Author: Kim Barty

Small business – tips on weathering the storm

I’m reading Henri J M Nouwen’s, The Inner Voice of Love, his personal journal during a time of deep anguish to freedom. It’s a book about spiritual imperatives.  I wondered whether these could be mirrored in business imperatives.  So this is a journey I am going to pursue. Small business is under pressure and it is challenging to maintain a smile, hope, creativity and new ideas.  But small business is critical to our country’s blooming. Some estimates indicate that the total economic output of SMEs makes up about half of South Africa’s GDP and that SMEs provide employment to about 60% of South Africa’s labour force. In an SME (small to medium enterprise), there is usually a handful of people who come up with the idea, produce the item, take it to market, handle complaints, do the books, manage the admin, remember to tweet, capture news on Facebook, update the website, and make coffee.  When competition, rejection, regulation are just the breeze of any day, that’s a lot to manage without falling over. As an …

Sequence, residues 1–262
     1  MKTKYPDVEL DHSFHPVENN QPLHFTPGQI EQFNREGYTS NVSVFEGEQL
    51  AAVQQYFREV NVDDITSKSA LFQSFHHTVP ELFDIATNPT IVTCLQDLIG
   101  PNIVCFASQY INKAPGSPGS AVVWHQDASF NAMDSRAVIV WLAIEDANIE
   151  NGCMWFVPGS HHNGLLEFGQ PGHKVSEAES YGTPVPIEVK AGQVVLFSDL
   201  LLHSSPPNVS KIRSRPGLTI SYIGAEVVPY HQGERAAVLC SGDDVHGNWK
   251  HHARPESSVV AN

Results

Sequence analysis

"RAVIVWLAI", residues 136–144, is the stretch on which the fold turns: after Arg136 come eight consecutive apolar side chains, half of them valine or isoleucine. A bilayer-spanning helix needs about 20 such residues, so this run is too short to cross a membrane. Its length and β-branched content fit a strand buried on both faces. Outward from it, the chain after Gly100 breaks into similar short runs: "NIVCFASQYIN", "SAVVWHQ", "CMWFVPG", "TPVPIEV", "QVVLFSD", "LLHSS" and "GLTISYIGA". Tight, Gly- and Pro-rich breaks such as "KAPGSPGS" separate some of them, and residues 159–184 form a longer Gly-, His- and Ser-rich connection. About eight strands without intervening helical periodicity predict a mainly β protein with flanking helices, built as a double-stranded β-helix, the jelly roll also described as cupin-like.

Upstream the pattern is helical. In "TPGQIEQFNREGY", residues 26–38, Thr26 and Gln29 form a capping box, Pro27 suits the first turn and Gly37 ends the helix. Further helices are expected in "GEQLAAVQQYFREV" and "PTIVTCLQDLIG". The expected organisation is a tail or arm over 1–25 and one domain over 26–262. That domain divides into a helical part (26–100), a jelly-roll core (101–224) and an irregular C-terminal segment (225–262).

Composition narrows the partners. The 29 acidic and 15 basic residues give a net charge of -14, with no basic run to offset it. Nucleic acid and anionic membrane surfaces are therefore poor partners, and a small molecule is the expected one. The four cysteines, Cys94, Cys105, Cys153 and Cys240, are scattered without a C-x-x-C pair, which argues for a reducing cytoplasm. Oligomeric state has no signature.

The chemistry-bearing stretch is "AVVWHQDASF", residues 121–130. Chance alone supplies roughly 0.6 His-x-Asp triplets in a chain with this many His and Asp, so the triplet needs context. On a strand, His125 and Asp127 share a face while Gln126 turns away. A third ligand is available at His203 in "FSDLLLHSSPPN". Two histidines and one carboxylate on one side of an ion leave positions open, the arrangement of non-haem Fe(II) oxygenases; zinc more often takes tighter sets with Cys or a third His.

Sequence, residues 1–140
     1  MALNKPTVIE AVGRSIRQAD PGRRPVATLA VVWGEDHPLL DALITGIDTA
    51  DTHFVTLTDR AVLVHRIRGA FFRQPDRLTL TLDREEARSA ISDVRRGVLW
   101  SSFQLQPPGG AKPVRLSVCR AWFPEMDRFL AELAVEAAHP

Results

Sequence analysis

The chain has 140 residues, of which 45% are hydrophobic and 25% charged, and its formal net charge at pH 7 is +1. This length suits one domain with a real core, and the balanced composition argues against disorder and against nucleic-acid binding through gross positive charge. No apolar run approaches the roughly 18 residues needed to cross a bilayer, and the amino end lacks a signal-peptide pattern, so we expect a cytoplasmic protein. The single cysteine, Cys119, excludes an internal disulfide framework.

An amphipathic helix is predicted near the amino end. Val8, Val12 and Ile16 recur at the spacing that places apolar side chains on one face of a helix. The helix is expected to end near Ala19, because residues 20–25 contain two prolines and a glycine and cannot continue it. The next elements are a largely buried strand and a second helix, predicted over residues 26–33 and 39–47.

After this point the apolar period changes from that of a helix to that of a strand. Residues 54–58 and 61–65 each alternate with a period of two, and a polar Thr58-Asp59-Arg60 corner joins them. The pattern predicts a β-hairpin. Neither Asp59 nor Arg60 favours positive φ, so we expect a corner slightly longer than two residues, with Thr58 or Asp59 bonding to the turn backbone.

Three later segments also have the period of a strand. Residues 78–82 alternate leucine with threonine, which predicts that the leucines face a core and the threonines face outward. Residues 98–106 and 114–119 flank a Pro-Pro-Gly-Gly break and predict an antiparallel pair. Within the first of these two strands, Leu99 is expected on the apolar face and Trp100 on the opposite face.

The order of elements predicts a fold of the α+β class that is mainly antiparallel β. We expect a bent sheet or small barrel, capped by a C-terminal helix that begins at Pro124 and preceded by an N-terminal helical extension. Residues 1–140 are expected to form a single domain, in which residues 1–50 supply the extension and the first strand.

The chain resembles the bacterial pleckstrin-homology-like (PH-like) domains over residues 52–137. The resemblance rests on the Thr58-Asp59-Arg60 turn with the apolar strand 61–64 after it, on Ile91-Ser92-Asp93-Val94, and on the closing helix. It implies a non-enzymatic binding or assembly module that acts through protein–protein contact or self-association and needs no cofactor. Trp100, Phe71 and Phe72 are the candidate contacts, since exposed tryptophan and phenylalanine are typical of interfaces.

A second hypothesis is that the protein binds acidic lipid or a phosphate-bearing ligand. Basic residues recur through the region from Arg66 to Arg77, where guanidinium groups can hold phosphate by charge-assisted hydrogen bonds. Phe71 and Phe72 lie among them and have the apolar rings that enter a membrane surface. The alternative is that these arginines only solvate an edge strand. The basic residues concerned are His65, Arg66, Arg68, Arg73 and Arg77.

Have you caught the ‘grey and yellow’ recently?

“You use the train?” she asked me, looking down her nose through her readers. Amassing me with the ‘them’ who relied on the grey and yellow carriages in the Cape Peninsular. I love the train, the carrier of personal worlds and private realities.  I remember my first trip, the first time I engaged, not as a tourist going to Simonstown, but as a commuter.  I’d moved offices and decided if I expected my staff to use the train, then I should too. So I boarded at Claremont station one sunny afternoon.  At my naïve best, I didn’t realize the class split by carriage between first and third class.  In the first five minutes, two rather dodgy looking teenagers were engaged in argy bargy that was accelerating beyond using their elbows. The fierce interruption by an elderly ‘tannie’ (auntie) further down the carriage, pried the one youngster away with her eyes to a seat safely beyond ‘punching distance’.  At the next station, I changed carriages only to find myself sitting opposite two prolifically and amateurly tattooed …